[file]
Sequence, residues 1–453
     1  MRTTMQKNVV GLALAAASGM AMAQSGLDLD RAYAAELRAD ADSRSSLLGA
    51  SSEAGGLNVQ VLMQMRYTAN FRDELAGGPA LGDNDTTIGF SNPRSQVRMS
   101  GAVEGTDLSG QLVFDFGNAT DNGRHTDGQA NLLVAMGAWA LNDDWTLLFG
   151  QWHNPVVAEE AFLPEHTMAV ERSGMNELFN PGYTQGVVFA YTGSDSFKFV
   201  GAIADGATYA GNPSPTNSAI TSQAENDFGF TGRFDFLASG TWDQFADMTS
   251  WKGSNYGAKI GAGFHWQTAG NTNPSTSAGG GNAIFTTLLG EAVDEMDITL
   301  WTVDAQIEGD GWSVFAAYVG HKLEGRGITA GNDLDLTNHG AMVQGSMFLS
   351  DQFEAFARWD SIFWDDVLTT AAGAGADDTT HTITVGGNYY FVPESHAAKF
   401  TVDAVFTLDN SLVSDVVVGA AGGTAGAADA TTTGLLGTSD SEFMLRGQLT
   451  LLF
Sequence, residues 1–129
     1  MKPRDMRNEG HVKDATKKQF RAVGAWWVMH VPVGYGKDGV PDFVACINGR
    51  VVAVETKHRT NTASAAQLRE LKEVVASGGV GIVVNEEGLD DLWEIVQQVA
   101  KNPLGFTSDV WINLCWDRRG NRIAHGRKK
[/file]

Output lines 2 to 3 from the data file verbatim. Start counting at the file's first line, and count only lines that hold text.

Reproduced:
     1  MRTTMQKNVV GLALAAASGM AMAQSGLDLD RAYAAELRAD ADSRSSLLGA
    51  SSEAGGLNVQ VLMQMRYTAN FRDELAGGPA LGDNDTTIGF SNPRSQVRMS